Saturday, December 9, 2023


How do I get rid of mold in and around my RV’s toilet?

Dear Dave,
Our RV toilet has been getting a black substance below the water line. When we flush, the water has a black tint to it. Then, within a few hours, the mold-like substance seems to grow on the surface of the flush ball and the china bowl below the water line. It brushes off easily but comes right back. It’s only happening in the toilet, not in any of the sinks or shower. Has anyone else ever heard of such a thing, and how did they get rid of it? —Roger, 2006 Montana 2955RL

Dear Roger,
I believe it is mold, as there is moisture and typically heat in the area you are describing. Mold grows by tiny spores that start invisible and typically float through the air and land on wet surfaces and then start to darken. In your case, the water valve is fresh water coming in to help flush the toilet and there must be a leak or condensation there.

And since it is spreading to the china bowl and flush ball, the spores are in just about every part of the toilet and may even be spreading from inside the tank.

I would start by cleaning the tank with Thetford Tank Blaster. Pour in a pouch and fill the tank or add 50 gallons of water, whichever comes first. Let it sit overnight then dump it.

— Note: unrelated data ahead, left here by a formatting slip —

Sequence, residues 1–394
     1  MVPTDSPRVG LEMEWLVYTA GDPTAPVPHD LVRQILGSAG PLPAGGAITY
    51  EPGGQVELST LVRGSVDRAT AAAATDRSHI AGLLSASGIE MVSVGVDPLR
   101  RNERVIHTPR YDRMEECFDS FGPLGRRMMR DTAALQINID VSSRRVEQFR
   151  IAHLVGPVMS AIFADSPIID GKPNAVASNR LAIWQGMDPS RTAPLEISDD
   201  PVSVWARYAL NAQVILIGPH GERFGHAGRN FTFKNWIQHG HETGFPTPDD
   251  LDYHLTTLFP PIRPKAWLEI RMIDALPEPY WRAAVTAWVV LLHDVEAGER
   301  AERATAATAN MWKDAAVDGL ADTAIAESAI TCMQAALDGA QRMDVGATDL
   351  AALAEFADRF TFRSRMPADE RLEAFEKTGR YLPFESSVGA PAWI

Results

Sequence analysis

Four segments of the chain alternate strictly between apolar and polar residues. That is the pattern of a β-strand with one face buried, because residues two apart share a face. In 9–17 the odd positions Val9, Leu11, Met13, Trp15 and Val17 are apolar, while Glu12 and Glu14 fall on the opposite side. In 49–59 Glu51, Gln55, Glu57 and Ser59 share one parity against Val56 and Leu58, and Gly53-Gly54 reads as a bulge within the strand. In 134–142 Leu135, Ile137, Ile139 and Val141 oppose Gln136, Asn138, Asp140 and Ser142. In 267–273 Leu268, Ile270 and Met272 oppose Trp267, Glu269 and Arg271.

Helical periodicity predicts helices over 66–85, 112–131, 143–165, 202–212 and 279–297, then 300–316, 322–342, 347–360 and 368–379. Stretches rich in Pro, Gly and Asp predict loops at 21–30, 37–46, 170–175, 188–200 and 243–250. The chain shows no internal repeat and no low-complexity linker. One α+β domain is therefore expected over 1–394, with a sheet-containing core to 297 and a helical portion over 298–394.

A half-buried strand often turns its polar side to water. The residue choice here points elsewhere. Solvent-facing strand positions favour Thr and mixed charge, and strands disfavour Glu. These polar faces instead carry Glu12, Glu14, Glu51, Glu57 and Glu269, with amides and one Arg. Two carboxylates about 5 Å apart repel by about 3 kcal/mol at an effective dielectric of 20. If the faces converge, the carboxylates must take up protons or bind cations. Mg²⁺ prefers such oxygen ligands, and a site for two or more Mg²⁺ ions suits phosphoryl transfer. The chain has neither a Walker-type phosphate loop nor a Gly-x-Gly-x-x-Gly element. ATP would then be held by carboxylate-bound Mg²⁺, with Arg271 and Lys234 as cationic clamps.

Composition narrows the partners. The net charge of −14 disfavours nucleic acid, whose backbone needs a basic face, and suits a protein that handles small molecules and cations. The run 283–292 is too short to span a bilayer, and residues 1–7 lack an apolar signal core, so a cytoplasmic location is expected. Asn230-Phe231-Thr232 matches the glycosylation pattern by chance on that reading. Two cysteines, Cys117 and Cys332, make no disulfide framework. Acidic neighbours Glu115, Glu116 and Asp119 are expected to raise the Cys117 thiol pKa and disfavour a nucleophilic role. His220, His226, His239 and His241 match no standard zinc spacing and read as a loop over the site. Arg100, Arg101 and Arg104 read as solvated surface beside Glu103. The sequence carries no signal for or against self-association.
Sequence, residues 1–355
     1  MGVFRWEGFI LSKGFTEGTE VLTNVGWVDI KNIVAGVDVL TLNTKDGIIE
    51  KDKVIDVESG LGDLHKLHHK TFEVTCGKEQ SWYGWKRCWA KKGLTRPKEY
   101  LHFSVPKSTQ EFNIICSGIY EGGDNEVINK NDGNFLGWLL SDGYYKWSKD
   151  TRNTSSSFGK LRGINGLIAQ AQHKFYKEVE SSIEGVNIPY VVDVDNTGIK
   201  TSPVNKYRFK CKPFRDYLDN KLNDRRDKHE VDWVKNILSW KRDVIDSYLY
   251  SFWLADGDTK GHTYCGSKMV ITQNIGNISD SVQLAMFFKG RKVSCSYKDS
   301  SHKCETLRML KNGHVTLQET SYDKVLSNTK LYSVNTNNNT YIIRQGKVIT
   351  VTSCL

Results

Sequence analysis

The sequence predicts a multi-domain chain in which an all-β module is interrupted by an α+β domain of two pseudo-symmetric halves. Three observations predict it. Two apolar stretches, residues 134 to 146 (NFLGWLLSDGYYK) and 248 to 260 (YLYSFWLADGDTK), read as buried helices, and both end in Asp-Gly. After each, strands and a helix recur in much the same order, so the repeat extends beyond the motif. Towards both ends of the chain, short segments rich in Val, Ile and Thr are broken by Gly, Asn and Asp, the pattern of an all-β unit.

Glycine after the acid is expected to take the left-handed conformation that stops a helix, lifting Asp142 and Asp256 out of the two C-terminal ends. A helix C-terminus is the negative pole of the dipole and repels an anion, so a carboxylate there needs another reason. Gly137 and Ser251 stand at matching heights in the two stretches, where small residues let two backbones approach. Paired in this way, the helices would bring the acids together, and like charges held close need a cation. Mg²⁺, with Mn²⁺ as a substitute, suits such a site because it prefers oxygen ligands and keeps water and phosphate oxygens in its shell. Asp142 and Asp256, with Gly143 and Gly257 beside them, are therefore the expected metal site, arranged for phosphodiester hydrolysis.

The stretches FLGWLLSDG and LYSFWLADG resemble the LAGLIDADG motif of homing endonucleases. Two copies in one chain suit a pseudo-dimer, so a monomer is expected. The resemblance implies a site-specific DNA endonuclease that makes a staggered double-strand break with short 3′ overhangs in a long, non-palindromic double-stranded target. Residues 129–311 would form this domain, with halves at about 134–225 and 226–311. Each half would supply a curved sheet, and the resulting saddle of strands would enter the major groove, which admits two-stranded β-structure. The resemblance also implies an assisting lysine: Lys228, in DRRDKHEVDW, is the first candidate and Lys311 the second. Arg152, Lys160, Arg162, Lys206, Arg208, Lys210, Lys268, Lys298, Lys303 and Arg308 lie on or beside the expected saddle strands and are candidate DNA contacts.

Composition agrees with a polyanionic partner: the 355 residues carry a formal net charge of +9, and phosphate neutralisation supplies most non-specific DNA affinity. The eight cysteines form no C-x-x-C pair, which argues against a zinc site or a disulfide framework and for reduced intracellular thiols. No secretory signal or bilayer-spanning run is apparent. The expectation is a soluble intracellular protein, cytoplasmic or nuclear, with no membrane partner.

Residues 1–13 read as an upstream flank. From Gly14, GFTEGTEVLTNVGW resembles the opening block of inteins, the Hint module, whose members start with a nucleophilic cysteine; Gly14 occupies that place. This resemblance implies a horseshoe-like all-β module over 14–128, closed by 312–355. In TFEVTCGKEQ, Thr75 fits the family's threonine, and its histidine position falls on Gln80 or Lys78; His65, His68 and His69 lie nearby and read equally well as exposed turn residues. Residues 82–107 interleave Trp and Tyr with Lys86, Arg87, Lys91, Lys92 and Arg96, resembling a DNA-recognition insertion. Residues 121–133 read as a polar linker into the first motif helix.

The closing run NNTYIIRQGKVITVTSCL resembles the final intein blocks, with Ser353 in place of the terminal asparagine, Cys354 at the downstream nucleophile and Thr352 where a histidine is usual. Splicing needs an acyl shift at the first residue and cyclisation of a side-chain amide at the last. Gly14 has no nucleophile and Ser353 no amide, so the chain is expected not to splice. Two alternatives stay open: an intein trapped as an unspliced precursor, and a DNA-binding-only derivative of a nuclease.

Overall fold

Bleach or no bleach?

The Environmental Protection Agency recommends not using bleach as it could cause toxic fumes and can harm your respiratory system. I have helped several agencies such as the Red Cross and others during flood cleanup and we have always used bleach with the proper equipment such as rubber gloves, safety glasses, and N95 mask. So, I feel comfortable using it. I suggest using 2 cups of bleach for every 50 gallons of water. Fill the tank again, drive around, let that sit overnight then dump it.

You may want to remove the toilet valve to thoroughly clean it with 1 cup of bleach in a gallon of water. Let it sit in the bucket of solution overnight, as well. Bleach is one of the best products to get rid of mold; however, it is a little smelly and can be an irritant to eyes. Wear rubber gloves and safety glasses when using it.

Clean toilet and surrounding areas

You may want to use the bleach solution to wipe the entire toilet and surrounding areas. Let it sit for 4 hours then wipe it off with a 50/50 solution of ammonia and water. (Do not combine liquid bleach and ammonia.) Spray this on the surface and let it sit for 2 hours before wiping it off.

It may also be necessary to remove the toilet, as mold can hide between the base and the floor and around the seal. If you have carpet on the floor, it might need to be replaced.

If you do not want to use bleach, there are other products on the market that claim to kill and prevent mold without bleach or ammonia. One product is Concrobium Mold Spray, available on Amazon here.

It has a proprietary ingredient. However, the MSDS sheet lists trisodium phosphate, which is TSP and is widely used for cleaning surfaces prior to painting and staining concrete. TSP can be found at any home improvement store.